Monday, May 13, 2013

Adding Borders to Your Quilt

(This is a repost, as I had to delete the original due to thousands of comments by spam-bots.)

As a long arm quilter, I have a few pet peeves when dealing with customer quilts. Bad pressing is one. But what bugs me the most is bad borders. Borders that are too short on one side and too long on the other. Borders that are rippled and wavy. Borders with too much fullness. They all add up to one insane quilter.
To a certain extent, they can be "quilted out." But it takes a lot of fidgeting, time, steaming and irritation on the part of the quilter.

My posting for today is simply my own instructions for adding borders. I’ve gathered bits and pieces of information and techniques from a variety of sources, blended them together until I found what works best for me. Many of my students have told me that it works well for them. Try it for your self.

How to Add Straight Borders to your Quilt
Ensuring that the quilt is square and the borders lie or hang flat without ripples is as simple as following the steps listed below.

  1. Measure the quilt to calculate a "base" measurement for each border.
  2. Do not take the measurements on the edge of the quilt as the seams may have opened a little and will give a false result. Instead position the tape measure approximately 20 -30 cm in from the edge at both ends. Take a third measurement through the center of the quilt.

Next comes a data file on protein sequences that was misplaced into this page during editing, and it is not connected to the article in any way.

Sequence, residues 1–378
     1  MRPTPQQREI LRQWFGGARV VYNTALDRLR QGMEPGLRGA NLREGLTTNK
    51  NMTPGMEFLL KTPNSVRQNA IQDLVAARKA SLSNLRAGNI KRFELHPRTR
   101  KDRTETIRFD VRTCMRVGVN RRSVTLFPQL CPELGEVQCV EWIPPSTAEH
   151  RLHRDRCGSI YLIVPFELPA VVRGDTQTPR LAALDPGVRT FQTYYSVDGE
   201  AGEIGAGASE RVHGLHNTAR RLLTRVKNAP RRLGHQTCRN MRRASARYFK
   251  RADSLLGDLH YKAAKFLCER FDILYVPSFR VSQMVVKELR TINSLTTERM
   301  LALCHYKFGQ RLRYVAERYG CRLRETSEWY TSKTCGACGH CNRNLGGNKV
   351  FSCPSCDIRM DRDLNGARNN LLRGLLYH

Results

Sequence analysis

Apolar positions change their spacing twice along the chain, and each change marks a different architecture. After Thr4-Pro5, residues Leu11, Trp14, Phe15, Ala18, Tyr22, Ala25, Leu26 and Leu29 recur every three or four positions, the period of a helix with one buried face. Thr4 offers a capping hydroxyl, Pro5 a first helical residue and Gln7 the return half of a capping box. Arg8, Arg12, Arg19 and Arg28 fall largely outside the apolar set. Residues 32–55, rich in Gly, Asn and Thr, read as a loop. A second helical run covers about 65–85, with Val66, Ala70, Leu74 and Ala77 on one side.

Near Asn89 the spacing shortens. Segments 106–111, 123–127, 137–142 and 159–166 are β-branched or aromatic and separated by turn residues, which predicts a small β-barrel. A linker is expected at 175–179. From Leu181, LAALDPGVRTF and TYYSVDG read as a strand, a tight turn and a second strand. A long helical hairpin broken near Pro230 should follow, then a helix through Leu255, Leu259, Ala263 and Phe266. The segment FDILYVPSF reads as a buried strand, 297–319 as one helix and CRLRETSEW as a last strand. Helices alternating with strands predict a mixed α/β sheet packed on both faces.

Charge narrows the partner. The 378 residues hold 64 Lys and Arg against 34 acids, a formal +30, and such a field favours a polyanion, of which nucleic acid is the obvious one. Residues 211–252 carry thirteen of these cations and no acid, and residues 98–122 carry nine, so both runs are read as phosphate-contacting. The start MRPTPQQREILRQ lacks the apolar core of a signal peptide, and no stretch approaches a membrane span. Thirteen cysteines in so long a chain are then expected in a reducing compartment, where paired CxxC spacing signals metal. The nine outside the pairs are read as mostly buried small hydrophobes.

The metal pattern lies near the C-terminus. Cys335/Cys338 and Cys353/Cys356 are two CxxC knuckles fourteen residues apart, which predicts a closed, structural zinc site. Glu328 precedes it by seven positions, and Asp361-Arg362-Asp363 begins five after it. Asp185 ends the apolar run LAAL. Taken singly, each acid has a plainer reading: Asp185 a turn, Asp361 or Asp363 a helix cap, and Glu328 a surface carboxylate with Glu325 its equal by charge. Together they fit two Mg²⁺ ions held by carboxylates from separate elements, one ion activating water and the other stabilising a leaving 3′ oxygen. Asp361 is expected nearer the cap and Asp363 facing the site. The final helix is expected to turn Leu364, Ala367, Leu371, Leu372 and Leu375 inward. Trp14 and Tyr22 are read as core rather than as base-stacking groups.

3. Now average the three measurements to find the "base measurement". However, If there is more than a 1.5 cm variation in the measurements it means that the pieced seams are not even so go back to the quilt and adjust seams before adding border. This will make you quilt lay and hang flat. In the end you will be glad you took the time to correct your seaming.
  4. Cut your side borders to base measurement for the length of your quilt.
  5. Mark the quilt and the border at the ½ and ¼ points with pins. Match these points and pin the entire length together of your border and center unit together. Sew with a ¼ inch seam.
  6. Repeat for the other side. Press these seams. Generally press to the darker fabric. You may press to the light or open as needed.
  7. Measure the width of the quilt (including the added borders) in three places as instructed in step two.
  8. Add these borders as above.
Note: if your fabrics strips are not as long as the required borders I recommend that you piece them together using a 45-degree seam. This lies flatter than a straight cross-seam and is less visible.
Lay two border strips right sides together at with their ends at a 90-degree angle. Sew a seam from point to point. While stitching from point to point, think of the capital letter A. Your strips are the legs of the A and your stitching the cross bar. Open to ensure the strips will lay straight. If so, trim seam to 1/4inch and press open. Repeat with another strip if more length is needed. Cut desired strip length from this piece. Piecing all your strips together and then cutting your borders gives all one large piece for your scrap bin rather than many small ones.
It doesn’t take long to make your borders perfect. Try it and see what you think.

Please, if you share these directions, let people know where you found them. Thanks.


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